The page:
Saturday, May 14, 2011

Shakespeare and Company

Last week John and I wandered through the Latin Quarter and ended up at the Shakespeare and Company bookstore.
This is the famous literary shrine of American, Sylvia Beach, who was the original publisher of James Joyce's Ulysses, and her bookstore has been a haunt for poets and writers since the 1940's. We love bookstores and always visit as many as we can in any city.
Apparently the bookstore staff are made up of young writers who man the shop in return for free room and board in the building. Romantic, eh?
Inside it's a classic independent bookstore reminiscent of City Lights Books in San Francisco and antiquarian bookstores around the world with rabbit-warren rooms, books up to the ceiling
and comfortable old furniture for browsing.
They still have readings by current writers as well. On another evening the audience spilled out onto the street to hear James Shapiro read from his new book on Shakespeare, Contested Will. Shapiro was fascinating. This review by British novelist Hilary Mantel will give you the flavour.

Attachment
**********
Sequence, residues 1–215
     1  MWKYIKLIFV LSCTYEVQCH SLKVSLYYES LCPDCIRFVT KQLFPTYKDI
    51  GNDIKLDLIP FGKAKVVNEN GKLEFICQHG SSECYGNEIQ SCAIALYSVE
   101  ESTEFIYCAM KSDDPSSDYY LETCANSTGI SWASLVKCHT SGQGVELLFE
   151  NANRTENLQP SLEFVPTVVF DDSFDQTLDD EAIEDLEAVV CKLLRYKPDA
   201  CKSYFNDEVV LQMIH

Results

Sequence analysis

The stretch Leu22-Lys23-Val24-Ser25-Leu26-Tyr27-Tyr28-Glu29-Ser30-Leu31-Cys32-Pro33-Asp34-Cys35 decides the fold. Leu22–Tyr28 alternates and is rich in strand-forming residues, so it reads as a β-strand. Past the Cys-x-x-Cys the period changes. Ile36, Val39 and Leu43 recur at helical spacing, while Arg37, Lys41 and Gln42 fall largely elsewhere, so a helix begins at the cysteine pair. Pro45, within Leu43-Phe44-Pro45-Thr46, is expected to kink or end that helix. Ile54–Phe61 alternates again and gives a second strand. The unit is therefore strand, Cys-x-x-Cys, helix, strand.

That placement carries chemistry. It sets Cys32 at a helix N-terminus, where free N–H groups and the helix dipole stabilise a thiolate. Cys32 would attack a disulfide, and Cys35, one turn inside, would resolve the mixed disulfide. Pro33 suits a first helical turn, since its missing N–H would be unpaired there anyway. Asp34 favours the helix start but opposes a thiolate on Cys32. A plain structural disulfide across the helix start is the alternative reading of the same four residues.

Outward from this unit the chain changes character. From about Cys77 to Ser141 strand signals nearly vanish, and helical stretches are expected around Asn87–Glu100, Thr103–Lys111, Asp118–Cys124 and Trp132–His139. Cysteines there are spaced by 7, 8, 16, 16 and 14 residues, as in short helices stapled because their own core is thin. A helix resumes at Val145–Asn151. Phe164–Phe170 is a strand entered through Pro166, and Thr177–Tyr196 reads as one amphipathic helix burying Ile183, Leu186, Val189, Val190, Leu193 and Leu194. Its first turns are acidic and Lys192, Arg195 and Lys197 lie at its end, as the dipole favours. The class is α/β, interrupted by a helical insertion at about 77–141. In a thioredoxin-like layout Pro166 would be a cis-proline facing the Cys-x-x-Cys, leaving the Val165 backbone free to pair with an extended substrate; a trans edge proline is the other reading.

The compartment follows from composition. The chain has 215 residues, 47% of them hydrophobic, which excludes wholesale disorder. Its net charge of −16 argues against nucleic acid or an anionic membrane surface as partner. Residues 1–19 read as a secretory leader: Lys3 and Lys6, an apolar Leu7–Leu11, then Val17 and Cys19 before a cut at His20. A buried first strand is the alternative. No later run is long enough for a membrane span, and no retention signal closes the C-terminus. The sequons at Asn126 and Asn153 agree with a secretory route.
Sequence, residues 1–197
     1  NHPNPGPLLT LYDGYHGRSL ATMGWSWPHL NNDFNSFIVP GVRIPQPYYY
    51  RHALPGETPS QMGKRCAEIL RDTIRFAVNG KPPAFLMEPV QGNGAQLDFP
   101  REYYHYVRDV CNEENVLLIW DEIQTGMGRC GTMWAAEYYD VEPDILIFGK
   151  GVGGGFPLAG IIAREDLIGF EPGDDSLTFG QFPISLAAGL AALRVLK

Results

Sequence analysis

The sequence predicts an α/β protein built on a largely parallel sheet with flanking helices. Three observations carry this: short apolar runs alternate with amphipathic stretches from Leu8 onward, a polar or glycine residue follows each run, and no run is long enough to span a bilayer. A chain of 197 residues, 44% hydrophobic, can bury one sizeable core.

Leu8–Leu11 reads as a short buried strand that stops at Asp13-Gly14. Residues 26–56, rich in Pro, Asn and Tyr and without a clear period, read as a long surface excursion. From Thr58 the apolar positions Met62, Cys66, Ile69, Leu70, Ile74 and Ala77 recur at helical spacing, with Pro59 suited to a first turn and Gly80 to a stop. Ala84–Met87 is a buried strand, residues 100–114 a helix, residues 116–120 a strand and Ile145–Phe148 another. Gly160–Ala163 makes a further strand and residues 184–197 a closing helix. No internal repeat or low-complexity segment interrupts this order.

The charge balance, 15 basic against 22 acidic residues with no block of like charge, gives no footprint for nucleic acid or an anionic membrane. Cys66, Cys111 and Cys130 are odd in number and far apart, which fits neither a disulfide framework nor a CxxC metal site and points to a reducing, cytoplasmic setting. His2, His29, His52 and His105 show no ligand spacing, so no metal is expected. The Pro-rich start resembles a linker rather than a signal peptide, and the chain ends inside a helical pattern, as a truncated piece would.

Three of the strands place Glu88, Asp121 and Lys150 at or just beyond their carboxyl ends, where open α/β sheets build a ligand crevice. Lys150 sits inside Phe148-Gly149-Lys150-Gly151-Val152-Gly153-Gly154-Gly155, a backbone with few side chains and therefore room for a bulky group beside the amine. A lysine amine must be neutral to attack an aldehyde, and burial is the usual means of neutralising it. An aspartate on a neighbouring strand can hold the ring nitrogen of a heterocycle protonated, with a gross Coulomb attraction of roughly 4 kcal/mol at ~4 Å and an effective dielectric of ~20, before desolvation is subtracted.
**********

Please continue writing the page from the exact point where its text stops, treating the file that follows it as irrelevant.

We missed it on our first trips to Paris, but it is easy to find. It is just across the Seine from Notre Dame Cathedral. We love the Shakespeare and Company motto: "Be Not Inhospitable to Strangers Lest They Be Angels in Disguise". How City Lights is that?!

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